Bad-Assification

Getting thinner - if it’s your goal - feels like elation when you achieve it. (At least for a little while, until your mind starts feeding you all sorts of silly ideas like how you won’t be able to maintain it, or how you should now go eat the whole house because you’ve worked so hard, and you deserve it…).

But getting stronger - now THAT’S one for the emotional book of World Records! Going from hopeless to doing an actual push up makes you feel like a true ROCK STAR. Doing a minute-long, full side plank when you had do it with your knees on the ground before blows your mind. Being able to effortlessly run three miles when before you thought your lungs would incinerate after getting halfway down the block? The exhilaration is indescribable. Your heart and solar plexus explode in personal triumph! Glimpsing your thigh in the mirror and seeing quad muscles for the first time in your life, or seeing smooth, curvy hamstrings where before was a saggy line --it knocks you sideways.


It knocks you sideways because it’s so tangible. It’s a literal transformation. It is the actual physical manifestation of your repeated, intentional effort over time, even when you didn’t feel like it, even when it was hard, even when there was zero evidence that you could succeed, even when you had menstrual cramps, even when it was colder (or hotter) than hell, even when it was 5am, even though you were on vacation, even though your child kept you up half the night.


Getting stronger is a genuine change inside of you, inside your cells. You place demands on them, and they adapt. Period. It’s not a shift in water-weight or skewed by the clothes you’re wearing. No! It is a real thing that brings you real freedoms: the freedom to jump up and turn off the burning pan, carry in the groceries, open the jar, change the high lightbulb, move the shelf, shovel the snow, lift the corner of the mattress to get the fitted sheet on it, hold up your arms while you fix your hair, reach under the bed to find your slippers, kneel at the coffee table during date night, horse-play with your kids or grandkids, bring the potted plants in for winter and out for spring, lift the cast-iron pan to pour the gravy into a bowl, carry the deck chairs out to the yard, dig up the Tree of Heaven weed, roots and all. You name it.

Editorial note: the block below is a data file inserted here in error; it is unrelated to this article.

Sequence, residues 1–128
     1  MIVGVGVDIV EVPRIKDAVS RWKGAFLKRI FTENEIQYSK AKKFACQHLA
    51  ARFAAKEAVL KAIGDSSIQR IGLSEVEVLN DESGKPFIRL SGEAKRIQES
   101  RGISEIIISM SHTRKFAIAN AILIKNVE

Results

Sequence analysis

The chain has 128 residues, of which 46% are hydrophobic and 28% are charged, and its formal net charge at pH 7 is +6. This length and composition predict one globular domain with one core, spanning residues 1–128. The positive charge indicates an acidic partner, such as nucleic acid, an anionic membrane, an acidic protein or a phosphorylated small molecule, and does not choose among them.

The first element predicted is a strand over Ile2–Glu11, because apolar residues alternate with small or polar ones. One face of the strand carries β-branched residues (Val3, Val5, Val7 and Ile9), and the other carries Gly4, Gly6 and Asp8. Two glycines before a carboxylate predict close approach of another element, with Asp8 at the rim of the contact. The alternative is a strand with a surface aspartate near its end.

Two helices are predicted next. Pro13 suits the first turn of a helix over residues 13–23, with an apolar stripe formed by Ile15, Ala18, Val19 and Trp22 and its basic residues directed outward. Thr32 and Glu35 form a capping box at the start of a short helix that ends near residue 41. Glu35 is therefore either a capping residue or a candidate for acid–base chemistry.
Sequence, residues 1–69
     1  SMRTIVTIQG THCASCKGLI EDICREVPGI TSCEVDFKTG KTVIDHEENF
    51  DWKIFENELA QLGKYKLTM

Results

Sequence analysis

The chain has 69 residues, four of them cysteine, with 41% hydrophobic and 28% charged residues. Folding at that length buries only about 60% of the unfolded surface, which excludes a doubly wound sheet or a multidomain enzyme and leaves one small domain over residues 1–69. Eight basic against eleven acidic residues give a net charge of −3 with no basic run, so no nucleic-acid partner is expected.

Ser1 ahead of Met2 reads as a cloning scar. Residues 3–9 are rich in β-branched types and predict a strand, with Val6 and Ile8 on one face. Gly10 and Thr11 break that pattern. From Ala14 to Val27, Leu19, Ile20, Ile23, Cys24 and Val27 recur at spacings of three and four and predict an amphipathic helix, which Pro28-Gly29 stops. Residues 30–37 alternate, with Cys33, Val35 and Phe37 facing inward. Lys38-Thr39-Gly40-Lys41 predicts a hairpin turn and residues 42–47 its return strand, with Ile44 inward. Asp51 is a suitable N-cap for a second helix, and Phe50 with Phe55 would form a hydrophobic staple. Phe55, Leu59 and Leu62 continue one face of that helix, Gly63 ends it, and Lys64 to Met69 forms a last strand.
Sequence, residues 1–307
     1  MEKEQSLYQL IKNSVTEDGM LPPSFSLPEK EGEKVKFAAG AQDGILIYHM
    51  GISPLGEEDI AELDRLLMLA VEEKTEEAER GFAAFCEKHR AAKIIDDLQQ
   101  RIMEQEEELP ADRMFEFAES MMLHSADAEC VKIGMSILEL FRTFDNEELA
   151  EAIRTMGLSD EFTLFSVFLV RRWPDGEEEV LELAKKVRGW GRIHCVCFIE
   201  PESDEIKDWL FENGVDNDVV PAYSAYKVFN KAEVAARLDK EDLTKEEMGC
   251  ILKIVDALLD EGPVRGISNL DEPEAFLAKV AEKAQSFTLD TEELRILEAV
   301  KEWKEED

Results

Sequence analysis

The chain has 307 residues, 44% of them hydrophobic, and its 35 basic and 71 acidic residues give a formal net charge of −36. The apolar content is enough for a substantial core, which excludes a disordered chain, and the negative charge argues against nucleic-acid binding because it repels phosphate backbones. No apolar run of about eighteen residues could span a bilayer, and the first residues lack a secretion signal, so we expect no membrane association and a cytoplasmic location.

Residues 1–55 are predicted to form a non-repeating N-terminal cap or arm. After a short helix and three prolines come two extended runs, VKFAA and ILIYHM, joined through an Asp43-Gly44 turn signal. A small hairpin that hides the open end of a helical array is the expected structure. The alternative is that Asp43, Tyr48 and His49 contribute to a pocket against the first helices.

Being stronger gives you access to more of the world with less struggle.


And, sisters, it makes you safer. You show up in creepy situations with more physical confidence so you look like less of a target, and you can get yourself out of them with greater speed and agility if you need to. (Not that you should go looking for creepy situations or have any false sense of security around them, but if you must be in such a situation, its better to be strong).


My thoughts as I’ve begun to experience these transformations have centered around two things:

  1. That I’m a bad-ass (Total dopamine hit, sisters. It’s amazing).

  2. That I want ALL women to get to feel this bad-assification.

That’s why I’m a trainer. And a nutrition coach. And a teacher. We can all do this.

There’s NO down side.

Who’s with me?






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